[Freedombox-discuss] Announcing Santiago Release Candidate 1
Hi folks, I'm proud to announce the first release candidate (developer
preview) of the Santiago service. Santiago is designed to let users
negotiate services without third party interference. By sending OpenPGP
signed and encrypted messages over HTTPS (or other protocols) between
parties, I hope to reduce or even prevent MITM attacks. Santiago can
also use the Tor network as a proxy (with Python 2.7 or later), allowing
this negotiation to happen very quietly.
Santiago currently lives at:
Currently, it needs a *lot* of polish, but there's enough for a
technical demonstration and basic use. Try combining it with .onion
Testing it out it takes a bit of setup:
- This was all tested on Debian Stable, so I know it works on Python
2.6. Other versions may work differently.
- You need a PGP key. You probably want to make a new password-less key
specifically for Santiago.
Santiago's running as a service, and you won't always be there to
enter the password when the gnupg-agent times out and locks the
keyring again. At that point, Santiago will block while waiting for
(or fail without) the password.
- You need [python-gnupg](http://code.google.com/p/python-gnupg). Make
sure it's either in your PYTHONPATH, or edit the start.sh and test.sh
files so that it can be found.
- You need a ``production.cfg`` or ``test.cfg`` file with contents like
keyid = (your 40-character key identifier)
- You need an SSL certificate (the ``ssl-cert`` package is required).
Run the following as root, changing the group as necessary:
# make-ssl-cert generate-default-snakeoil
# make-ssl-cert /usr/share/ssl-cert/ssleay.cnf santiago.crt
# chgrp 1000 santiago.crt
# chmod g+r santiago.crt
See ``/usr/share/doc/apache2.2-common/README.Debian.gz`` for more
- Either set up a Tor listener on port 8118, or set the proxy port to
"None" or 80, if you're running Python 2.7 or later.
- Run ``make`` once in the Plinth root directory to create the config
files you need.
- Running ``bash start.sh`` in a console will set up a Santiago service
that communicates with itself. You can see the Santiago service learn
about the "https://somestuff" location (it'll appear in the
"consuming" dictionary) if you navigate to:
https://localhost:8080/query?service=santiago&host=(your key ID)
It'll give you a warning about an untrusted certificate, but since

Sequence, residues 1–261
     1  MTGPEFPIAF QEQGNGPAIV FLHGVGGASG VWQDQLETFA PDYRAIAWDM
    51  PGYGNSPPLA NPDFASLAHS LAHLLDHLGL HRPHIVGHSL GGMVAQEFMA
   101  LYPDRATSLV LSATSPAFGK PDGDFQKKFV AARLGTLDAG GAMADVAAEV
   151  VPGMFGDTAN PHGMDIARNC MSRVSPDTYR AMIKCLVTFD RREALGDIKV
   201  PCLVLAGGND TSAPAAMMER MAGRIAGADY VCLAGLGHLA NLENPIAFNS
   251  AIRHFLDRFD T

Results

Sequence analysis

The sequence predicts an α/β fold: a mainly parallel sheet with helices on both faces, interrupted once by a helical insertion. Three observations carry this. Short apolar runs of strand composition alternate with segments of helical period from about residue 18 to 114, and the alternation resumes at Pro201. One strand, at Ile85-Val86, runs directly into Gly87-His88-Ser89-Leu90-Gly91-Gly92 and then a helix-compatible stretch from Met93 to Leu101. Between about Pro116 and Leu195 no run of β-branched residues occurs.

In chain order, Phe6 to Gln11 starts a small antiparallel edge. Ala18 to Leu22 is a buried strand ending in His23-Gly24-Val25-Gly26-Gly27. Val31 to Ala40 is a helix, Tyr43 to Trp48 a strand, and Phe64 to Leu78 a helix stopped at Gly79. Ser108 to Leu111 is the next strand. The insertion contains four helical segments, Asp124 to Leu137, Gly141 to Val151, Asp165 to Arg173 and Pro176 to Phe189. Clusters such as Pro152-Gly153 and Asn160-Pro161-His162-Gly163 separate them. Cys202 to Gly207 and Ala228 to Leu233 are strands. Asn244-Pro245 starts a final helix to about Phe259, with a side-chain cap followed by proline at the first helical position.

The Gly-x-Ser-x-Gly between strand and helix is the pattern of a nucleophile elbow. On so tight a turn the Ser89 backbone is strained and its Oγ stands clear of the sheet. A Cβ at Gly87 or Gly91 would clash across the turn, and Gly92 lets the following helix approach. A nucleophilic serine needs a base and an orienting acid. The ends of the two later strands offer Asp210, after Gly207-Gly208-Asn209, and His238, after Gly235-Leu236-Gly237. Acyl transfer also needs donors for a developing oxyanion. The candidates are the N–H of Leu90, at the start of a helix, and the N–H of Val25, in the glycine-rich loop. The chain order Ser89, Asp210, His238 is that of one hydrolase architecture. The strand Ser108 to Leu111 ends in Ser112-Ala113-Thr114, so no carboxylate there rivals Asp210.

you just made that certificate, ignore the warning.
After you load the page, you won't see anything. That's by design.
You'll need to watch the debug messages (look for one reading
"Success!") or Ctrl+C out of the server to drop into PDB where you can
examine the santiago.consuming dictionary.
Technically, it works, but with a fair number of caveats:
- Python doesn't currently verify the HTTPS certificates used. We still
use the OpenPGP key for verification, but it'd be helpful.
- It'd also be nice to munge the PGP key into the HTTPS certificate,
requiring only a single identity document to secure all the
- It doesn't yet play well with others (you can't read the hosting and
consuming dictionaries from other processes very well). Please let me
know your ideas for fixing this.
- It needs better state storage and recovery. Doing this well is my
highest priority right now (the blocker for the 0.2 release).
- The current start methods appear to block, so new protocols might not
load when you expect them to.
- It needs more tests, there are still a good number of behaviors that
work but aren't verified.
- As you can see above, setup isn't easy.
- Request proxying: If Alice can't reach Bob, but they both can reach
Carl, Carl can pass the messages for them.
- Not-braindead state storage and restoration.
Please test it out and let me know your thoughts. I'll make it easier
to handle and use over the coming days and weeks, but I just wanted to
get it out the door now that it has successfully integrated PGP. If you
have any changes you'd like to see, at all, please send me a patch or
fork the repository.
James, you can pull it now. :)
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